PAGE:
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United States Army War College

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Globalization and Its Implications for the Defense Industrial Base

Authored by Dr. Terrence R. Guay. | February 2007

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SUMMARY

This monograph examines the impact of globalization on the U.S. defense industrial base. After providing a brief overview of globalization?s general effects on countries and companies and the current structure of the global defense industry, the author examines how elements of globalization are shaping the strategies of defense companies. He focuses on those elements of globalization that are of particular importance to the defense industry. They include the globalization of capital (finance), production, trade, technology and labor, and the changes in global governance that structure the forces of globalization. The author concludes by offering 10 recommendations on how U.S. Government, military, and company-level policies can preserve the U.S. defense industrial base during the current era of globalization. The recommendations revolve around three themes:

  1. Globalization is blurring the distinction between a domestic and foreign defense company, and policies that aim to keep this artificial distinction are not helping either national security or the defense industrial base;
  2. workers are a defense company?s most important asset, and policies should be designed to have the best educated and trained workers designing and building U.S. weapons systems; and, 3) the relationship between globalization and technology provides both risks and opportunities, and policies geared toward preserving a perceived U.S. advantage in technology may prove to be detrimental to both national security and economic competitiveness.

INTRODUCTION

?Globalization? is perhaps the most popular term used to describe changes in the international environment since the end of the Cold War. Unfortunately, the term now is used so frequently that it has come to mean different things to different people. This lack of a precise definition of a term with wide currency can make it difficult to discuss globalization?s effects in a coherent way. However, one useful working definition of ?globalization? proposed by the International Monetary Fund is ?the growing economic interdependence of countries world-wide through the increasing volume and variety of cross-border transactions in goods and services and of international capital flows, and also through the more rapid and widespread diffusion of technology.?1 While economics and technology are perhaps its most tangible characteristics, globalization also includes political, cultural, and ideational dimensions, since each of these has a reciprocal relationship with economic and technological change. This combination of forces will present challenges, risks, and opportunities to virtually every industry in every country for the foreseeable future. This includes the sector that traditionally has been more insulated from external pressures than any other?the defense industrial base. This monograph will explore how key elements of globalization have transformed national defense industries around the world, and how these changes will affect the U.S. defense industrial base in the coming years. It concludes by offering recommendations for policymakers who have the difficult task of maximizing U.S. economic competitiveness without compromising national security. The recommendations revolve around three themes: 1) Globalization is blurring the distinction between a domestic and foreign defense company, and policies that aim to keep this artificial distinction are not helping either national security or the defense industrial base; 2) workers are a defense company?s most important asset, and policies should be designed to have the best educated and trained workers designing and building U.S. weapons systems; and 3) the relationship between globalization and technology provides both risks and opportunities, and policies geared toward preserving a perceived U.S. advantage in technology may prove to be detrimental to both national security and economic competitiveness.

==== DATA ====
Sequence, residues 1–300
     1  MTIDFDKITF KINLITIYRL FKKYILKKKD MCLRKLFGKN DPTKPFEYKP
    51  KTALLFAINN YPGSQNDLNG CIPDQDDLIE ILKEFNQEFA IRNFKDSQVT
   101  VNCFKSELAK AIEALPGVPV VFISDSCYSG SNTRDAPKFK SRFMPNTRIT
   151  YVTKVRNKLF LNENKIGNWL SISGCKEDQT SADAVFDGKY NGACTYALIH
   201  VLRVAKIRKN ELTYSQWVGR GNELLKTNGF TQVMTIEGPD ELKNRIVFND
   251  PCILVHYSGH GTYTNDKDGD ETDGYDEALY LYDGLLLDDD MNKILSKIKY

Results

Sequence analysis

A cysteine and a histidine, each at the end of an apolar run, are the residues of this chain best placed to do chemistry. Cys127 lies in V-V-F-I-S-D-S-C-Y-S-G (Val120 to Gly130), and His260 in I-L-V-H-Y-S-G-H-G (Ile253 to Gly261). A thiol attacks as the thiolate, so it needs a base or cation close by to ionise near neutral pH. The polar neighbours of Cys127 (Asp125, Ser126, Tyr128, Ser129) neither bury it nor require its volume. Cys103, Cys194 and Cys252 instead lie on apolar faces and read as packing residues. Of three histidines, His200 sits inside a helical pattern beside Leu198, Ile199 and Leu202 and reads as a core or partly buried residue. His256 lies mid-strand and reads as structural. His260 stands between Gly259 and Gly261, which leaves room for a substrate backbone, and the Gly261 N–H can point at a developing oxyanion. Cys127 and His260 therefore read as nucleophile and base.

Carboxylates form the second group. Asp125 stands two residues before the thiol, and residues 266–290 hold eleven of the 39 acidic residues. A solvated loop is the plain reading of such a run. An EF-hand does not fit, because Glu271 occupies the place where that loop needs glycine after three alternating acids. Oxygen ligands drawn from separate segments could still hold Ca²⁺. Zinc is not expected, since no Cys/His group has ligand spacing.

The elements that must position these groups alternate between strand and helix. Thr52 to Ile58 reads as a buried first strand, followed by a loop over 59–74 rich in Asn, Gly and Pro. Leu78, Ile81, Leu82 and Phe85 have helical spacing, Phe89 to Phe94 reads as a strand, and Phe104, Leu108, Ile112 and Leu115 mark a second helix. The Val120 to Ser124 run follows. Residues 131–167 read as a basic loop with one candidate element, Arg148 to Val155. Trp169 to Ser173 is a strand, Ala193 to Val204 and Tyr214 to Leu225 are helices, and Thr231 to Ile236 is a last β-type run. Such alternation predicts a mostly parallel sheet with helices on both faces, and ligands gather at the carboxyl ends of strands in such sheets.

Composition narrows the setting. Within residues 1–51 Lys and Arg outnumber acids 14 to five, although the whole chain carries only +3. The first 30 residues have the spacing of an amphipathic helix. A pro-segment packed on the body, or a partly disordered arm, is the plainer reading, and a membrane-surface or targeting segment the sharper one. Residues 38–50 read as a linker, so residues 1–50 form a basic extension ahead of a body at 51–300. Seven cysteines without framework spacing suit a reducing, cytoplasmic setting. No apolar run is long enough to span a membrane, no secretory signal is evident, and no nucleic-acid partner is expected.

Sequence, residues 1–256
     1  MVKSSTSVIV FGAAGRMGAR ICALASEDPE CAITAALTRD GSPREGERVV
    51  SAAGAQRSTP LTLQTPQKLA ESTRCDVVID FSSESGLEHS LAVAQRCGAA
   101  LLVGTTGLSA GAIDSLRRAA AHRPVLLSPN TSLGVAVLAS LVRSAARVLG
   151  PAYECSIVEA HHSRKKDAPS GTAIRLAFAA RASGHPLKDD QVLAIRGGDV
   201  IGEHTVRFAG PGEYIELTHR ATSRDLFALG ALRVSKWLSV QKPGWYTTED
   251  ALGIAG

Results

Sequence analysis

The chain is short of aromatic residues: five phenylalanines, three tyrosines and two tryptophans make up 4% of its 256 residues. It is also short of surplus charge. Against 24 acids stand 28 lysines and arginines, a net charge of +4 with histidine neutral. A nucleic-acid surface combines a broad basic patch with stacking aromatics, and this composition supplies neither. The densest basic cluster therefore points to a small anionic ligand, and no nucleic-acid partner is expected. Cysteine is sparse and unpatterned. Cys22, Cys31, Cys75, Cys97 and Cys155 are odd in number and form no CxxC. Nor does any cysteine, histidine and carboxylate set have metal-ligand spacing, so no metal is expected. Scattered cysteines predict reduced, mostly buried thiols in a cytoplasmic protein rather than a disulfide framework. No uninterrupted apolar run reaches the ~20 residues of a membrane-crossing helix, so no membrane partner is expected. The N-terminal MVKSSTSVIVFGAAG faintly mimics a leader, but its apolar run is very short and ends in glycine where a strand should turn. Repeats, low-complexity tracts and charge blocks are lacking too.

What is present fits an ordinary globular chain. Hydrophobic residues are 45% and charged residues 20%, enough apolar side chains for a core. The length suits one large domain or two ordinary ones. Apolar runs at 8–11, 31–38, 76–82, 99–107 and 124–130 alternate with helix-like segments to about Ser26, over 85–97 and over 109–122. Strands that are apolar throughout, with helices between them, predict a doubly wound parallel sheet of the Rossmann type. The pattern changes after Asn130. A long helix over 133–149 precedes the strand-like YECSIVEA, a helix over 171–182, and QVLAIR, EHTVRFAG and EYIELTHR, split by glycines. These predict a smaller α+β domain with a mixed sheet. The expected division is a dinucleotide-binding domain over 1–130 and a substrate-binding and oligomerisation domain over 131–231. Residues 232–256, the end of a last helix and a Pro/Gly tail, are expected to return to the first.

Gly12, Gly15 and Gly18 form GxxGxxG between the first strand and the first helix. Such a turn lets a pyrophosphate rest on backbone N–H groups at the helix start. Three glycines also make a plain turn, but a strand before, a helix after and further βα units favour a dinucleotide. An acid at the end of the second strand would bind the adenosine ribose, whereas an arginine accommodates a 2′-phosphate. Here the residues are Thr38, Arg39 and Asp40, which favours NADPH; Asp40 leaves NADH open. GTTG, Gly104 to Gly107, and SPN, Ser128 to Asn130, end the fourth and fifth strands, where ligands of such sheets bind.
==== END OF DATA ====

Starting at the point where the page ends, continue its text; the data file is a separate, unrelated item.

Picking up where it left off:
ENDNOTES

1. International Monetary Fund, World Economic Outlook, May 1997, p. 45.